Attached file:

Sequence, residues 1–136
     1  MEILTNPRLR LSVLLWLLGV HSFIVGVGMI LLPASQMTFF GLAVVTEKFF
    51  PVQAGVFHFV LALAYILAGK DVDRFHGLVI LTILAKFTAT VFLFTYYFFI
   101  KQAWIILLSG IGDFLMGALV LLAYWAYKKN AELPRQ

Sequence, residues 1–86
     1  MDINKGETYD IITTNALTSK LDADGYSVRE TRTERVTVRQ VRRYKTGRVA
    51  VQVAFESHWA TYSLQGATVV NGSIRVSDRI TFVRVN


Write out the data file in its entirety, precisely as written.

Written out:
Sequence, residues 1–136
     1  MEILTNPRLR LSVLLWLLGV HSFIVGVGMI LLPASQMTFF GLAVVTEKFF
    51  PVQAGVFHFV LALAYILAGK DVDRFHGLVI LTILAKFTAT VFLFTYYFFI
   101  KQAWIILLSG IGDFLMGALV LLAYWAYKKN AELPRQ

Sequence, residues 1–86
     1  MDINKGETYD IITTNALTSK LDADGYSVRE TRTERVTVRQ VRRYKTGRVA
    51  VQVAFESHWA TYSLQGATVV NGSIRVSDRI TFVRVN